Her pupils killed her daughter. Now, she will have her revenge.
After an engagement that ended in tragedy, all Yuko Moriguchi had to live for was her four-year-old child, Manami. Now, after a heartbreaking accident on the grounds of the middle school where she teaches, Yuko has given up and tendered her resignation.
But first, she has one last lecture to deliver. She tells a story that will upend everything her students ever thought they knew about two of their peers, and sets in motion a maniacal plot for revenge.
As avid a reader as I am and with as much free time as I now have, it is still rare for me to finish a book in less than two days. Confessions I finished in one evening.
Confessions is a story about revenge. About having it and the repercussions it brings. Not just to those who are on the receiving end but also to those around them.
Told in a series of stories, each one is dedicated to a person involved with the events. The first one is told in manner of a lecture by Yuko Moriguchi, a teacher who is on the verge of retiring. Having lost her daughter she is naturally distraught and it is when she has pieced the pieces together of what happened that she plans (and executes) her revenge.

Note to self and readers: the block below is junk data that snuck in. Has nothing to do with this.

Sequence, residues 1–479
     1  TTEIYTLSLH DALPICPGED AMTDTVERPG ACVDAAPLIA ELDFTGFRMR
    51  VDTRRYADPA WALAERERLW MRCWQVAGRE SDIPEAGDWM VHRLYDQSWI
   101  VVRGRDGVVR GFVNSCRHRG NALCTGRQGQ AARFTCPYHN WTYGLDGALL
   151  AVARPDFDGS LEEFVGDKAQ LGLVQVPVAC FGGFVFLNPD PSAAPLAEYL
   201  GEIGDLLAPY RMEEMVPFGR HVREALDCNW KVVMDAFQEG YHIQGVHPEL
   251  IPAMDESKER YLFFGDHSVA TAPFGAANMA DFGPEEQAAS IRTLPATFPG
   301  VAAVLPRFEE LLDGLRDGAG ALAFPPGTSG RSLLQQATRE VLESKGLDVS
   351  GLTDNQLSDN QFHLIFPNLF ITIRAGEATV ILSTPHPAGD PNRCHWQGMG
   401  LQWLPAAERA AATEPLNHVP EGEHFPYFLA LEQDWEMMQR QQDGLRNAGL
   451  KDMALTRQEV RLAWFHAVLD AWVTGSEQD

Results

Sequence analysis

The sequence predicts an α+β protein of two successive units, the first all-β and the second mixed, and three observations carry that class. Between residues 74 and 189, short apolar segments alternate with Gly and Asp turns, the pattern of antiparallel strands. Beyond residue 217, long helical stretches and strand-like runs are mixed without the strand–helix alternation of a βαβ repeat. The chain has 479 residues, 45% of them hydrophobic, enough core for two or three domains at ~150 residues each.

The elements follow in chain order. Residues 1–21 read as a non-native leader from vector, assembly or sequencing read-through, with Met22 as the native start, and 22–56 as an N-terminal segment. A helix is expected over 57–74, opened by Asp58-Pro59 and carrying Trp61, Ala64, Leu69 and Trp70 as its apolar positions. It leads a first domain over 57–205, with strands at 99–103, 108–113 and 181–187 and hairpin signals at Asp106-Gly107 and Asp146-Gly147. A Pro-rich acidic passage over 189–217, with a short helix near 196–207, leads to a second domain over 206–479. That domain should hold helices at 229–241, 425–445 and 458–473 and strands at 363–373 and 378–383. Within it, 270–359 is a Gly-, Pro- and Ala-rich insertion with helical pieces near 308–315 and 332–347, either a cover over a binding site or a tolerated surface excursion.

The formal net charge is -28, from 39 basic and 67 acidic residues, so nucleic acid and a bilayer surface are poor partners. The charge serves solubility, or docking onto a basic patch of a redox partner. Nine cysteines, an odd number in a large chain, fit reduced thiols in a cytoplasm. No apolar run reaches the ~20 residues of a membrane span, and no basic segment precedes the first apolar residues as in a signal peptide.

Confessions is a dark and twisted tale. Twisted in the way that just when you believe you know which way the story is going, Minato causes the story to shift and take a completely different direction. It is not a nice book, several reviews I have seen online call it “fucked up” and I completely concur. It is almost akin to a train wreck – horrifying and yet one cannot look away.
Horror fans are likely to be keen on this particular book. Especially if you are like me and enjoy the more psychological aspect of horror and less of the blood and gore aspect. Certainly not for the feint of heart but a good read nonetheless.